Friday 29 January 2021 4:50 pm

China will no longer recognise Hong Kong citizens' British overseas passports

China said today it will “no longer recognise” British National Overseas (BNO) passports for Hong Kong citizens as the UK prepares to welcome those fleeing the National Security Law.

A foreign ministry spokesperson for the Chinese government said: “From January 31, China will no longer recognise the so-called BNO passport as a travel document and ID document and reserves the right to take further actions.”

The news follows a British government statement released in the early hours of this morning which stated that those with BNO passports can live, study and work in the UK.

The statement said that the visa reflects the UK’s moral commitment to Hong Kong people who have had “their rights and freedoms restricted”.

Prime minister Boris Johnson said: “In doing so we have honoured our profound ties of history and friendship with the people of Hong Kong, and we have stood up for freedom and autonomy – values both the UK and Hong Kong hold dear.”

Those without BNO passports can apply for other visas and can apply for settlement after five years and British citizenship after an additional year.

The law

The UK committed to the visa scheme, which begins on Sunday, following the controversial National Security Law which was imposed by the Chinese government in June last year.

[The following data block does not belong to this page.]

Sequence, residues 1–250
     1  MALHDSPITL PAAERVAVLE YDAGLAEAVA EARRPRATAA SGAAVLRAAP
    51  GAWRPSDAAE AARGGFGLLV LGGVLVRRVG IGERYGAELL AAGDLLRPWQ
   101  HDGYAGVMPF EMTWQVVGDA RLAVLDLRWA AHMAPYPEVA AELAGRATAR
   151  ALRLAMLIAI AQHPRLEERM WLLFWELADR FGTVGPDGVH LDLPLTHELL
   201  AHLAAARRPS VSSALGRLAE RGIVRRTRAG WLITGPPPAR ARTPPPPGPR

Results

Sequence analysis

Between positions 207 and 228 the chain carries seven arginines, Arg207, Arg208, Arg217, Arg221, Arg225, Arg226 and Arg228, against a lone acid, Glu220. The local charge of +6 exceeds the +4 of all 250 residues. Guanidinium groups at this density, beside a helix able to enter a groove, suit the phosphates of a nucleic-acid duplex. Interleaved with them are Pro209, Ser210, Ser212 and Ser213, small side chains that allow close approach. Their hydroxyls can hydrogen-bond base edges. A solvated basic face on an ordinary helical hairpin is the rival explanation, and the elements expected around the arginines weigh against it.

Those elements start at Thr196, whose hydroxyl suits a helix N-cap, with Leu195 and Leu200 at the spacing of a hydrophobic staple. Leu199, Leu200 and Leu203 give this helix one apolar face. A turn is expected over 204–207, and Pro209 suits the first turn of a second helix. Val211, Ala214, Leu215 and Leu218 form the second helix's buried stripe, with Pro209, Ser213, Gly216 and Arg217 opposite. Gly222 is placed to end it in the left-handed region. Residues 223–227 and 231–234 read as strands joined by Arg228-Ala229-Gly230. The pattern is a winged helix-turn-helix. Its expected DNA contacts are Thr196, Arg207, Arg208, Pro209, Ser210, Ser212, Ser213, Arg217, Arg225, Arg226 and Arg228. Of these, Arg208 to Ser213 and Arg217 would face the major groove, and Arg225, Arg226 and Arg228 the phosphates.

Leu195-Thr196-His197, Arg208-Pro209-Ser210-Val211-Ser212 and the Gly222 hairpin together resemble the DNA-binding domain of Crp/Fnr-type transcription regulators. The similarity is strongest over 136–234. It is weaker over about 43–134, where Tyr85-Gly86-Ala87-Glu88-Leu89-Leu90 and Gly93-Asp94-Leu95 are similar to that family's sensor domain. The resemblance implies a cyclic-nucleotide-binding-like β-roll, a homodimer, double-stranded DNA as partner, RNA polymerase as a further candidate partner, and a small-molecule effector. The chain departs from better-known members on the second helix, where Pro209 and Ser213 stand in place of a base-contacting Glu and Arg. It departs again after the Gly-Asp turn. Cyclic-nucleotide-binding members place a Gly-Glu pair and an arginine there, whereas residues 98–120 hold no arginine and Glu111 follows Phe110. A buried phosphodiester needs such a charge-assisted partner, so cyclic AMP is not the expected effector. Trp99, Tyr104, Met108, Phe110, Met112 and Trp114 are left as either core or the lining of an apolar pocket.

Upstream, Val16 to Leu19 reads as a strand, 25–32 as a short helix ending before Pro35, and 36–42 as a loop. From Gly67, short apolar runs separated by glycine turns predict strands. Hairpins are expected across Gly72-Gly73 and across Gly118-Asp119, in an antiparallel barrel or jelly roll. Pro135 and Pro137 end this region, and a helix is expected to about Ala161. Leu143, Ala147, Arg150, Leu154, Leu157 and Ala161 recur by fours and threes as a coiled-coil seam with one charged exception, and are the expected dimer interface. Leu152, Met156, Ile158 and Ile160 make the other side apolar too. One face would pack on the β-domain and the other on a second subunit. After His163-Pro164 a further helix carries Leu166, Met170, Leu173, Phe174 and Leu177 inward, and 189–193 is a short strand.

Many prominent activists and politicians have already fled Beijing’s authoritarian ruling over the former British colony.

Foreign secretary Dominic Raab said: “We have been clear we won’t look the other way when it comes to Hong Kong. We will live up to our historic responsibility to its people.

“China’s imposition of the National Security Law in Hong Kong constitutes a clear and serious breach of the Sino-British Joint Declaration contrary to international law.”

Details of the law’s 66 articles were kept secret until it was passed, and criminalises any act of secession, subversion and collusion with foreign forces.

Arrests can be dubious, with critics arguing that Beijing use the law to stifle political adversaries. The law also carries a maximum sentence of life imprisonment.

This evening the UK Government said it was disappointed but not surprised that China would no longer recognise the BNO passports.

“We are disappointed but not surprised by the Chinese decision not to recognize British National (Overseas) passports,” the British Foreign Office said in a statement.

“People with BN(O) status now have a choice to come and live, work and study in the UK. We look forward to welcoming those who wish to settle here.” 

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